Lawn mower carburetor tuning. Lawn Mower Engine Surging – Check this easy fix first
Lawn Mower Engine Surging – Check this easy fix first!
Lawnmower engine surging is a right pain in the Jacksie; it’s an engine that runs erratically and revs up and down by itself uncontrollably. In some cases, it may only happen under certain conditions, for example, only after the mower gets hot or only when the fuel level gets low.
So what causes the lawnmower engines to surge? The most common reason for a surging lawn mower engine is a blockage in the fuel supply, but there are other possibilities:
Often you’ll find playing around with the throttle helps or applying some choke. You are not on your own; this is a regular complaint. In this guide, we will cover the diagnosis, likely causes, and solutions.
Try the easy fix first – replacing/cleaning gapping the spark plug before attempting carburetor work. If your mower engine is a Honda or Kohler, the fix is simple. Honda and Kohler’s surging is commonly caused by a blocked idle jet see “Gas starvation” towards the end of the page.
If you need more help, check out the “How to fix a surging mower video.”
If your surging mower is a Honda, check out the “Honda mower surging video.”
How to Adjust RPM on Mower w. No Carb Adjustments!
For many mowers, the fix is to replace the carburetor, and as carburetors are inexpensive, it just makes sense to swap it out and save a ton of messing around. You can check out the quality carburetors available and conveniently delivered to your door by Amazon.com.
Need more info on the fuel system, carburetor components, and how they work, you can check them out here.
Briggs Stratton Surging
Surging BS Classic 450, 500, or 550Some engine types are famous for surging; the Briggs Stratton 450, 500, and 550 series engines are fitted with a metal fuel tank and priming bulb-style carburetor. If you have one of these types of engines and it’s surging – You’re in the right place.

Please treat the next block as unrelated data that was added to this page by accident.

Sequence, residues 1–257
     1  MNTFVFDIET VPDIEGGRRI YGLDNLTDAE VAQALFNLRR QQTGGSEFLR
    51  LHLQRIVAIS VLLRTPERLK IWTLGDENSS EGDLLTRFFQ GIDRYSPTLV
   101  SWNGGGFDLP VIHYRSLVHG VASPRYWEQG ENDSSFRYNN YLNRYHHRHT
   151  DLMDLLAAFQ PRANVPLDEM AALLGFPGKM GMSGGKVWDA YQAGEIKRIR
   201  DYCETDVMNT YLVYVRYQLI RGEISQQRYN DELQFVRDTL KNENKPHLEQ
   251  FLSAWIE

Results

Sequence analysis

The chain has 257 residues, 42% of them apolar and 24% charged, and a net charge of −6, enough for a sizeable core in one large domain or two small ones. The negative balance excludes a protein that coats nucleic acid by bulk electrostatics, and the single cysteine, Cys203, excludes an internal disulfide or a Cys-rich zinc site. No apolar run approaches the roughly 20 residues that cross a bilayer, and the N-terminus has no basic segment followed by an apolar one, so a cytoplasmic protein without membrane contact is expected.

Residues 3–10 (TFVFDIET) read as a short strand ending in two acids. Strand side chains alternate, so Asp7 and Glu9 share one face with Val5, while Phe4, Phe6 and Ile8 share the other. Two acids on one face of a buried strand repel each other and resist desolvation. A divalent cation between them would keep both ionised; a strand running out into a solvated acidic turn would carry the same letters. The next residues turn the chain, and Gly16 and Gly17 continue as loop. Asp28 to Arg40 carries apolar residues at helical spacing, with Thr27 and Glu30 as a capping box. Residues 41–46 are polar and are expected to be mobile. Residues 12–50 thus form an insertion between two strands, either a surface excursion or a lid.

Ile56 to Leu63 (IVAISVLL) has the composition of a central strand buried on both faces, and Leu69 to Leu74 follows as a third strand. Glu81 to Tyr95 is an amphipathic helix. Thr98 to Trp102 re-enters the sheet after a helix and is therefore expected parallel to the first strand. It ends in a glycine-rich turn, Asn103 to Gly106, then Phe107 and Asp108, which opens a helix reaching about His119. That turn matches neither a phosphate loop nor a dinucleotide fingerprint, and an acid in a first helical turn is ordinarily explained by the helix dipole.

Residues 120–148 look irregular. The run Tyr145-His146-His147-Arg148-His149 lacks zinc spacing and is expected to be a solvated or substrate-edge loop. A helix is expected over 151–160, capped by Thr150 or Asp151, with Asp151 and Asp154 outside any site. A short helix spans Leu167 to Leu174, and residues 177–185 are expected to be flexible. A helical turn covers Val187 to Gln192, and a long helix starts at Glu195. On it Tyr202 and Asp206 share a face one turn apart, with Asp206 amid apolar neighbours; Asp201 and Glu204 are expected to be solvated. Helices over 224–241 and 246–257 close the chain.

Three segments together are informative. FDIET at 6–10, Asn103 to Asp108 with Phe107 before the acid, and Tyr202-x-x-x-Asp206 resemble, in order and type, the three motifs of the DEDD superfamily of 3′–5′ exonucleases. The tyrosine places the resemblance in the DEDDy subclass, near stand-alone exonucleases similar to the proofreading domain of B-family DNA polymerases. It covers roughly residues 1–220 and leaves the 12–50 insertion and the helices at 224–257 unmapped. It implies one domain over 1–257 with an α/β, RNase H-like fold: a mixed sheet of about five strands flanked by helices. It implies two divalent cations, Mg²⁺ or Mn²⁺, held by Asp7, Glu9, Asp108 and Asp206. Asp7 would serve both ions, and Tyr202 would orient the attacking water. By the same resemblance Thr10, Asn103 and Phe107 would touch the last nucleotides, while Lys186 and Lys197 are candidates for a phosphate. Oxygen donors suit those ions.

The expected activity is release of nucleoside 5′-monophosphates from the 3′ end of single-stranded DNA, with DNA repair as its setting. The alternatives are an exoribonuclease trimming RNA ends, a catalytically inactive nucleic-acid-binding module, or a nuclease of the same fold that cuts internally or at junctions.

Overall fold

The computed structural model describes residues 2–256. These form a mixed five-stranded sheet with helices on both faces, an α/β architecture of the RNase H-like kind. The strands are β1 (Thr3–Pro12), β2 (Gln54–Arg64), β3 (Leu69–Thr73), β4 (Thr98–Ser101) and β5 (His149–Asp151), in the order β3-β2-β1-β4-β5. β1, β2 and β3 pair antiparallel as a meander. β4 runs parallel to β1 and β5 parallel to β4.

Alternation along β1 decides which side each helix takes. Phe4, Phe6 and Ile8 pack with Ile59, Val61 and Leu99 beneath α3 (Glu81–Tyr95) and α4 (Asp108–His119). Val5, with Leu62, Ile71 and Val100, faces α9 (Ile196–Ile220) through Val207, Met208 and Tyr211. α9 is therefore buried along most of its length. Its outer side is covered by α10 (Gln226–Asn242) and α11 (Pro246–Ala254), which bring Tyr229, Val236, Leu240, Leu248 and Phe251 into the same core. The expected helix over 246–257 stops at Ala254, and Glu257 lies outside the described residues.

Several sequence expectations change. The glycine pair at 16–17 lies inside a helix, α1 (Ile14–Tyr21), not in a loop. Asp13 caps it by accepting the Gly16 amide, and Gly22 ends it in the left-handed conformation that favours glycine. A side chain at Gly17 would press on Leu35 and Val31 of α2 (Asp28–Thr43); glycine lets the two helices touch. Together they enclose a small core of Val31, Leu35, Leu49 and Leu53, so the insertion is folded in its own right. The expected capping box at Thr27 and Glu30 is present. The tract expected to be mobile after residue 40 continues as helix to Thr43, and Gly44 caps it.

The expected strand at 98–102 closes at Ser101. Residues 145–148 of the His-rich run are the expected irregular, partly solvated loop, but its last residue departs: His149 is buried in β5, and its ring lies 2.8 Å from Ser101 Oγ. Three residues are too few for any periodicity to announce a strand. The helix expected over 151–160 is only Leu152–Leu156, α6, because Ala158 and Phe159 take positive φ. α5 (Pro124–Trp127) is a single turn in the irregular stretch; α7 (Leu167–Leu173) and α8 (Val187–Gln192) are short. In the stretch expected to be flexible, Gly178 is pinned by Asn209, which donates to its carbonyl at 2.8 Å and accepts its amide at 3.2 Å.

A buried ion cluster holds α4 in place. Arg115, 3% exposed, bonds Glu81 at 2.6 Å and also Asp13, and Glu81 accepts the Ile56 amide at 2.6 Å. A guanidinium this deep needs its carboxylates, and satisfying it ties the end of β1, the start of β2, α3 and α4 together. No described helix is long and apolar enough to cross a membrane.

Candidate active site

If you don’t have this type of carburetor, skip this section and jump to “Surging Test” below. These engines are fitted with a metal fuel tank and carburetor combination. The gasket sandwiched between the tank, and carburetor distorts over time, allowing a vacuum leak.
The vacuum leak causes the surging; replacing the gaskets and cleaning the carburetor/tank will leave it like new, I promise. In this tutorial, we’ll remove the tank/carburetor unit, clean it and replace the gaskets. Just some basic tools are needed, but get yourself a can of carburetor cleaner; it makes the job a lot easier.
In the workshop, I use WD40 carb cleaner, and you can check out all the tools and parts I use here on the “Small engine repair tools” page.
Tools You’ll Need
Here’s a short list of tools you’ll find useful to complete the task of fixing your surging mower. These tools aren’t essential, but they do make the whole job a ton easier; you’ll need:
Fuel treatment – Every small engine owner should use gas treatment. Most people don’t know gas goes off, and gas left in small engines can cause real problems, as you already know.
Using a gas stabilizer will keep the gas in your mower and your gas can fresh for up to two years.
Carburetor gasket – If you’re fixing the BS Classic engine, then you’ll need this gasket set.
Complete carburetor – As an alternative to replacing your BS Classic carburetor gasket, replace the complete carburetor instead; it includes the replacement gasket.
Manifold – This will only be needed if you have confirmed it has failed. Note there are a few different types of manifold pipe, so be sure to check before ordering.